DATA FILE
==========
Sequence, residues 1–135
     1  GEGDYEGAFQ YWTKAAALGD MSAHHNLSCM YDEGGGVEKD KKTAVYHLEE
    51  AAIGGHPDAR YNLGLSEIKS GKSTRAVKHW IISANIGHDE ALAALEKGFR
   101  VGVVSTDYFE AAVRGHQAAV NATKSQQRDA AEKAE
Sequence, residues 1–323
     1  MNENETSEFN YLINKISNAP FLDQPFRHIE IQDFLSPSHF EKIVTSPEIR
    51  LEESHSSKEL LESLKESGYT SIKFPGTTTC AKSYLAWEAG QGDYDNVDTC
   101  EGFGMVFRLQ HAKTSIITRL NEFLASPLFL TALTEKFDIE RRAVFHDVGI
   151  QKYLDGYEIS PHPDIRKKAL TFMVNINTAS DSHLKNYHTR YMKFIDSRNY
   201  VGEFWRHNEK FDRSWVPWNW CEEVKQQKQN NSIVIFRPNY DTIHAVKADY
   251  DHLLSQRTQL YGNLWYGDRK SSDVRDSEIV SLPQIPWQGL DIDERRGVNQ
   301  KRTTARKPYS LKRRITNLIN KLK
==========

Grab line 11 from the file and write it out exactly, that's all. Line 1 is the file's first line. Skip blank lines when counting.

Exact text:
   251  DHLLSQRTQL YGNLWYGDRK SSDVRDSEIV SLPQIPWQGL DIDERRGVNQ